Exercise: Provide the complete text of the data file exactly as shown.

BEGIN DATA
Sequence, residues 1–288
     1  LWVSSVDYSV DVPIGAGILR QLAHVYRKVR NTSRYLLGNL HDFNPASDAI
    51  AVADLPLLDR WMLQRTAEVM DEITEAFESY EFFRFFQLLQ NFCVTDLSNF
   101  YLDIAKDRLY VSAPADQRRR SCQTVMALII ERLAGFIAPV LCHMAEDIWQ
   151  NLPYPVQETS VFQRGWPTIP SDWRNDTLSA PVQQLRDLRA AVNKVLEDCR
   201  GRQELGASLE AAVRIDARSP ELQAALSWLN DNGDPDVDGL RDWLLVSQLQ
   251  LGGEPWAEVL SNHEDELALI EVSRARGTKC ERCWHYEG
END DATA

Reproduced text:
Sequence, residues 1–288
     1  LWVSSVDYSV DVPIGAGILR QLAHVYRKVR NTSRYLLGNL HDFNPASDAI
    51  AVADLPLLDR WMLQRTAEVM DEITEAFESY EFFRFFQLLQ NFCVTDLSNF
   101  YLDIAKDRLY VSAPADQRRR SCQTVMALII ERLAGFIAPV LCHMAEDIWQ
   151  NLPYPVQETS VFQRGWPTIP SDWRNDTLSA PVQQLRDLRA AVNKVLEDCR
   201  GRQELGASLE AAVRIDARSP ELQAALSWLN DNGDPDVDGL RDWLLVSQLQ
   251  LGGEPWAEVL SNHEDELALI EVSRARGTKC ERCWHYEG